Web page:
Meeting the Global Sustainable Development Goals on a Changing Planet with Limited Land and Water Resources

Getting started




In the next 40 years, the global Food-Energy-Water (FEW) system will face significant resource challenges that are interconnected—both across systems and across scales—so that addressing one system or location will inevitably cascade into others. Expanded U.S. corn ethanol production, for example, was projected to significantly reduce greenhouse gas emissions. However, factoring in spillover impacts of the corn ethanol mandate across spatial scales led to very different conclusions while cross-system studies revealed how expanded production contributed to nitrate leaching and groundwater drawdown. Decision makers without the capacity to factor in these interconnections risk inadvertently pursuing unsustainable FEWS solutions. Despite significant investments made by the integrated assessment communities at both global and regional scales, a critical research gap remains in the ability to assess sustainability solutions that have both cross-system and cross-scale components needed to achieve a complete analysis of tradeoffs associated with alternative policy and management interventions. The interdisciplinary team will address this knowledge gap by developing and applying a path-breaking integrative framework for analysis of FEWS solutions that highlights synergies and tradeoffs resulting from different policy levers to allow the development of more comprehensive sustainability solutions. This open-source, reproducible, and accessible framework will strategically build on a portfolio of internationally vetted tools the team has authored as global models of hydrology and water quality, food, bioenergy and U.S. agro-ecology. Researchers will systematically explore solutions beginning with analysis of individual interventions and progressing to multiple interventions that reveal how policy levers interact across systems and scales for a Global to Local to Global community of practice. Integrated project goals are to: 1) establish system behavior and identify the performance of individual levers and feedbacks to the larger integrated system via cascading pathways of impacts; 2) using the integrated system, identify high-performing strategies composed of multiple levers that reveal the trade-offs, synergies and economic costs associated with managing FEWS challenges; and 3) foster development of a community of practice utilizing Global-Local-Global methods to examine integrative solutions to these FEWS challenges.:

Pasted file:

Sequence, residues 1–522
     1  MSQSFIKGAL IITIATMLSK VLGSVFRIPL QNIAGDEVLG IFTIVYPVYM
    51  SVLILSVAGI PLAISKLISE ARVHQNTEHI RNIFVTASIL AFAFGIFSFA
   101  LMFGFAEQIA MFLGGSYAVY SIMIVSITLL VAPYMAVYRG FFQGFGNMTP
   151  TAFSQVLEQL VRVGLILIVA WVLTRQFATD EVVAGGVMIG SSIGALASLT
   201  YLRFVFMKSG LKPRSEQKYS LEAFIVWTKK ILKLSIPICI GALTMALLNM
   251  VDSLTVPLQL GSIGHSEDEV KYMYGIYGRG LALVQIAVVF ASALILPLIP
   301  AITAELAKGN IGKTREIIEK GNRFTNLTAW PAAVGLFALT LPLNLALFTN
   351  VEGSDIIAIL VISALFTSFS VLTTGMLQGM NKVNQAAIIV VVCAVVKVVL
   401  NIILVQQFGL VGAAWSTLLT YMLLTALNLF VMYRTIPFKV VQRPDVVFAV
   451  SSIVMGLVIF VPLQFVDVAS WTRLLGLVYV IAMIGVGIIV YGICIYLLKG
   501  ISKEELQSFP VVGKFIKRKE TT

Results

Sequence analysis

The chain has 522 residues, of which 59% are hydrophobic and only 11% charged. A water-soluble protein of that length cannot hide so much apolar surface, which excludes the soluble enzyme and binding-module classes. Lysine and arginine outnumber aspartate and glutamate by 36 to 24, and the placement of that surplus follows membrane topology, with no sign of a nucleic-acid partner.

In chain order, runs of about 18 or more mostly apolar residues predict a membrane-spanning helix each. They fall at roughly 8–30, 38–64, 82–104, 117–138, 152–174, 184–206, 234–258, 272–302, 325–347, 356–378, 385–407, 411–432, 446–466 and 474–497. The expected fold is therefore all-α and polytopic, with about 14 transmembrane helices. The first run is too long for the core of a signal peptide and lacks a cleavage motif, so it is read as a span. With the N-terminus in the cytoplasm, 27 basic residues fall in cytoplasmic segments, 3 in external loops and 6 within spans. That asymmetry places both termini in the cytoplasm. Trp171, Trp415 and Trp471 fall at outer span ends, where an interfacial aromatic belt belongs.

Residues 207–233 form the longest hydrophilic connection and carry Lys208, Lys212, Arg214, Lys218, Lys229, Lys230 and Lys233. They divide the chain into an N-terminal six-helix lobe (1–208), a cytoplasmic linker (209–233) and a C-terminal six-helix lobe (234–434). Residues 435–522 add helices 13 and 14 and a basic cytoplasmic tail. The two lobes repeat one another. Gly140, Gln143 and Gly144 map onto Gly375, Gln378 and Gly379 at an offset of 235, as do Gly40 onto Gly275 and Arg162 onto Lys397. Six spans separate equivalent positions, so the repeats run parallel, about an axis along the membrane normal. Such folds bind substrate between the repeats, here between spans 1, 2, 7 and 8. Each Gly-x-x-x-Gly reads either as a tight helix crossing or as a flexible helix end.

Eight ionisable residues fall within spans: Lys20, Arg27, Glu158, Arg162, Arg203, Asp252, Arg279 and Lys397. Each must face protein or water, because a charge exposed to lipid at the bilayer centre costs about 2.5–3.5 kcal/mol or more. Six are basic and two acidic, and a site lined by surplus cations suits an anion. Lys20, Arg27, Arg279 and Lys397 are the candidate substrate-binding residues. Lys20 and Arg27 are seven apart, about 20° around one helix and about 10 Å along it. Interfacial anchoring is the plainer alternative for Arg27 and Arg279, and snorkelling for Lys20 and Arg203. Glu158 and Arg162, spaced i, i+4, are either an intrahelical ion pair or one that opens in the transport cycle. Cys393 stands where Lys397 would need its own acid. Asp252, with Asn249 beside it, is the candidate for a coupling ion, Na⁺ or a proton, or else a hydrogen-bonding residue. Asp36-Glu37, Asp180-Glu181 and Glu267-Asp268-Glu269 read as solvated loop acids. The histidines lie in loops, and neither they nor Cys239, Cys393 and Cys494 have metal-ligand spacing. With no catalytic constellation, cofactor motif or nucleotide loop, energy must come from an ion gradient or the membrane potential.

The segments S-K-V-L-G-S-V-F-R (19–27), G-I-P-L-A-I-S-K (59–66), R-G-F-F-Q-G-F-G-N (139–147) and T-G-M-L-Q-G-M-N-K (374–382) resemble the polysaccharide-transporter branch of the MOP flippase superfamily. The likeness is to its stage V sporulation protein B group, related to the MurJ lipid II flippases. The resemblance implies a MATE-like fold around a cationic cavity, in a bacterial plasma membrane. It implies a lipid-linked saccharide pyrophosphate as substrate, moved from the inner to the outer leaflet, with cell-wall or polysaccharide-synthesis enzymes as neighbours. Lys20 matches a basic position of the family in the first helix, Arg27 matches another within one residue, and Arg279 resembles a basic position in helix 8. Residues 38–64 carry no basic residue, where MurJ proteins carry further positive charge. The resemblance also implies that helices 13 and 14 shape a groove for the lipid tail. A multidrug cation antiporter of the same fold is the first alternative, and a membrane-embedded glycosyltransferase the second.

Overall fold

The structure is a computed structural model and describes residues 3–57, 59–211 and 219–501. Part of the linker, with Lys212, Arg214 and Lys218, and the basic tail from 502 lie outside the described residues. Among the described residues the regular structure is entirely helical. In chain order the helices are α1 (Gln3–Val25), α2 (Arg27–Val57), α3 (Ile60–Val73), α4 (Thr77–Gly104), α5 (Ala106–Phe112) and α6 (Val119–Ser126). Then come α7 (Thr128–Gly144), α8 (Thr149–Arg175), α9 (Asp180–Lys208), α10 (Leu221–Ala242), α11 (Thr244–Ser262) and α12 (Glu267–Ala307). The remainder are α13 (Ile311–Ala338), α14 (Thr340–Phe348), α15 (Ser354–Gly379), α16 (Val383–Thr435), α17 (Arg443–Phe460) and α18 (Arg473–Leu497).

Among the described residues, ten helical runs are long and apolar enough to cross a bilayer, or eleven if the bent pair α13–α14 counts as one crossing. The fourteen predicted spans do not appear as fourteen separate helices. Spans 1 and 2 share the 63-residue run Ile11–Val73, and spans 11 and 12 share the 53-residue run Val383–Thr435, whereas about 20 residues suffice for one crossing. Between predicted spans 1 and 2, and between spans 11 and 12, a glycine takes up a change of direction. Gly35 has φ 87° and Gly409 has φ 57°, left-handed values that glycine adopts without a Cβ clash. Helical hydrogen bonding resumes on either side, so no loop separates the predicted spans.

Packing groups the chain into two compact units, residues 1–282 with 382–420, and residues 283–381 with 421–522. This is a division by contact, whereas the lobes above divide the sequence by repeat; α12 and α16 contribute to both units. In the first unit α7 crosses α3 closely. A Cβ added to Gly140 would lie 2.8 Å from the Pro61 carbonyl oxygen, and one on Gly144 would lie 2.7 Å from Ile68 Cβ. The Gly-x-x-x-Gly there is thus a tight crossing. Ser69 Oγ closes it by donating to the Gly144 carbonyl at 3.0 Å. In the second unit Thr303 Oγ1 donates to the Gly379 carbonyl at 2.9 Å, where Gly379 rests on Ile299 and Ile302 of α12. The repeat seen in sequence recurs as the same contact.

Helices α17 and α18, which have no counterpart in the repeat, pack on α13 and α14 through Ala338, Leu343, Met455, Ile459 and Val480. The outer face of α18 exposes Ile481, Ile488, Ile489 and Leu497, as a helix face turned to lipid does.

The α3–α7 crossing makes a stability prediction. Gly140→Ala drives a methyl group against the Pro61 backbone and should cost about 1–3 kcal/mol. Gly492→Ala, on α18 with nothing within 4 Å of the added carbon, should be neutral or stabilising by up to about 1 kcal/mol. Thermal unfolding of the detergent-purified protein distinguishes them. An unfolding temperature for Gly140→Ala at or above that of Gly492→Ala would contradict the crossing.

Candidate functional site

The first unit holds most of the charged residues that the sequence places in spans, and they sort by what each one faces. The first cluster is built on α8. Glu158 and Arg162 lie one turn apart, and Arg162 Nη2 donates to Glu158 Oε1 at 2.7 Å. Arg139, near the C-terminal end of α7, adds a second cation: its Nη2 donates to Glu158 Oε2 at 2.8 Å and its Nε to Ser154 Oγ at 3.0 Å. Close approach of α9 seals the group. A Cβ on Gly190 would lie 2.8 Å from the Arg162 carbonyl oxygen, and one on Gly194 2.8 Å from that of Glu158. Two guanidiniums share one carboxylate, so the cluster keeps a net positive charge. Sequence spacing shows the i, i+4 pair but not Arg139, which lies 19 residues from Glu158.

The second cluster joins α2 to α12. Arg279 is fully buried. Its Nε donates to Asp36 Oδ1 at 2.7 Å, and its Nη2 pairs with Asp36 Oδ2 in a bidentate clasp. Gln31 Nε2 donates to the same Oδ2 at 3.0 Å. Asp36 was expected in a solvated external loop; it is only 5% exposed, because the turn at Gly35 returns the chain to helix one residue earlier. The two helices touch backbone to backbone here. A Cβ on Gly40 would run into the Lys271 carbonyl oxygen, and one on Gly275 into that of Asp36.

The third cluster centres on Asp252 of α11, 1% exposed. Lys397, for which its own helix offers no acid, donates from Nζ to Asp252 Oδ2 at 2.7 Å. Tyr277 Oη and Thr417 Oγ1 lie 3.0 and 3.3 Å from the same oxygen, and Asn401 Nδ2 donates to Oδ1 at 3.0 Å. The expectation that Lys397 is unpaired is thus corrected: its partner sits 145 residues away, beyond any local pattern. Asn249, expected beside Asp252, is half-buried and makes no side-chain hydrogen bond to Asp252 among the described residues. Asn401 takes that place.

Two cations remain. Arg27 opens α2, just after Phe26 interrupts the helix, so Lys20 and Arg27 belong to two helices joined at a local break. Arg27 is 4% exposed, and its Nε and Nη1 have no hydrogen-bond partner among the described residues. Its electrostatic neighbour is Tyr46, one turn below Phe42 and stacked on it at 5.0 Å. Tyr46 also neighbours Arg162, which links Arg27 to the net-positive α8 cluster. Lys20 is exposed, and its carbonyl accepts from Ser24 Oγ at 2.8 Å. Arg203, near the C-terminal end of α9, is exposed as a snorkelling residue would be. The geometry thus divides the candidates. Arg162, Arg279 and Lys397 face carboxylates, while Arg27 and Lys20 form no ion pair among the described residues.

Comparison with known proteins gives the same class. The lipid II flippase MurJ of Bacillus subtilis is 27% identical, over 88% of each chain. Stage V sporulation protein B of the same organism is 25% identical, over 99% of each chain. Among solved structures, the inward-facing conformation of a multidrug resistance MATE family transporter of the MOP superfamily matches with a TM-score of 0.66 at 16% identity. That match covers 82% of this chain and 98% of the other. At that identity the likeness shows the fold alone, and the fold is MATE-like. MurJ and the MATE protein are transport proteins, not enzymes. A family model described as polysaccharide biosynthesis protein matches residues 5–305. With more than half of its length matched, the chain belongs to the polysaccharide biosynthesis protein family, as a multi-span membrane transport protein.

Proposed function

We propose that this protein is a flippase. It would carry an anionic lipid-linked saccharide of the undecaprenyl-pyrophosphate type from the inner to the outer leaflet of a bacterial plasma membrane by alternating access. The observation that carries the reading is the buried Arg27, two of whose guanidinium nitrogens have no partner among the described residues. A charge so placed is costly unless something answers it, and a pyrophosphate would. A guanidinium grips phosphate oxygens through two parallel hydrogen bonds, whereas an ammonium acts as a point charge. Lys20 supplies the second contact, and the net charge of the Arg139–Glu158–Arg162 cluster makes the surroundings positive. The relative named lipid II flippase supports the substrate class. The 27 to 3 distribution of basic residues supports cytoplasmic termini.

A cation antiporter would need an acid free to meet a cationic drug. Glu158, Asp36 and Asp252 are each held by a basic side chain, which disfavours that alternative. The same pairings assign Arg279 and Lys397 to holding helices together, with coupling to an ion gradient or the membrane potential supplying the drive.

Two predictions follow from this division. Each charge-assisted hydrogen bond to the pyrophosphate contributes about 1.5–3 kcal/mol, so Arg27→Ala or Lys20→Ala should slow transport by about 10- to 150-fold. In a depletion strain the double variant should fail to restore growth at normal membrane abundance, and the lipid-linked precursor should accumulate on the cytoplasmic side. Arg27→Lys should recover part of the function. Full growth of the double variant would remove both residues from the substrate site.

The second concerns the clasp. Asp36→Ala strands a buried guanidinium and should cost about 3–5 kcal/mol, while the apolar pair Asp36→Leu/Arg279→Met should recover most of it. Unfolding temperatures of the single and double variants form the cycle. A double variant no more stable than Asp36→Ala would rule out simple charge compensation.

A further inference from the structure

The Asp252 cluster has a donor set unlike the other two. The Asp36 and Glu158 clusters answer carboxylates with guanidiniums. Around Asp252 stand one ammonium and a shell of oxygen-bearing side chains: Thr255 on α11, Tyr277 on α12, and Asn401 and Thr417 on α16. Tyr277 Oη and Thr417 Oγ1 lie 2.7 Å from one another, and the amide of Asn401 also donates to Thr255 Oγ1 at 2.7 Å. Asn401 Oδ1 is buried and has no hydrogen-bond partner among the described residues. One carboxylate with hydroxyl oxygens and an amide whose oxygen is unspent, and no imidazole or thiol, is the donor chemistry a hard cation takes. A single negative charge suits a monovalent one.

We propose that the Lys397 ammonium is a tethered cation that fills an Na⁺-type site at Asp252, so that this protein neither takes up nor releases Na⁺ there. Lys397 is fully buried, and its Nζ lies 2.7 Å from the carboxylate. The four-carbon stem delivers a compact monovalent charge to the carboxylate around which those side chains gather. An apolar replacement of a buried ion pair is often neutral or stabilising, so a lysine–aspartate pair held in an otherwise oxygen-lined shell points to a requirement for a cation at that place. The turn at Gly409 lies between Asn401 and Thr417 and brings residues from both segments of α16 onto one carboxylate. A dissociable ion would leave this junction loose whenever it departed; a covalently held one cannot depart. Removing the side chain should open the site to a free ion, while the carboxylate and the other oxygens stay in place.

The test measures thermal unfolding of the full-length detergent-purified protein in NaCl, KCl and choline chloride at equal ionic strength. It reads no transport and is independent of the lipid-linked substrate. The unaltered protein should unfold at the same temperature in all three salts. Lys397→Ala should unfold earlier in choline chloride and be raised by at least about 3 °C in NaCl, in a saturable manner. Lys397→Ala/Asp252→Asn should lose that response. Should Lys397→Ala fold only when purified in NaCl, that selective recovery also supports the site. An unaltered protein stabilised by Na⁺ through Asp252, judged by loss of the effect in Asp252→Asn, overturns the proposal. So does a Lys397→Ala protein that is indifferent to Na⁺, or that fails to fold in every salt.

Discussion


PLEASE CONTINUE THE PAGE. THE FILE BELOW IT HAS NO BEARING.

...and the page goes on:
GLASS personnel

Tom Hertel (PI), Dominique van der Mensbrugghe, David Johnson, Carol Song, Uris Baldos, Jing Liu, Iman Haqiqi, Lan Zhao, Jungha Woo and Jeffrey Sanson.

University of New Hampshire: Richard Lammers, Wil Wollheim, Danielle Grogan, Steve Frolking and Shan Zuidema

University of Wisconsin-Madison: Christopher Kucharik

More information

Presentations from the advisory board meeting on December 17th, 2019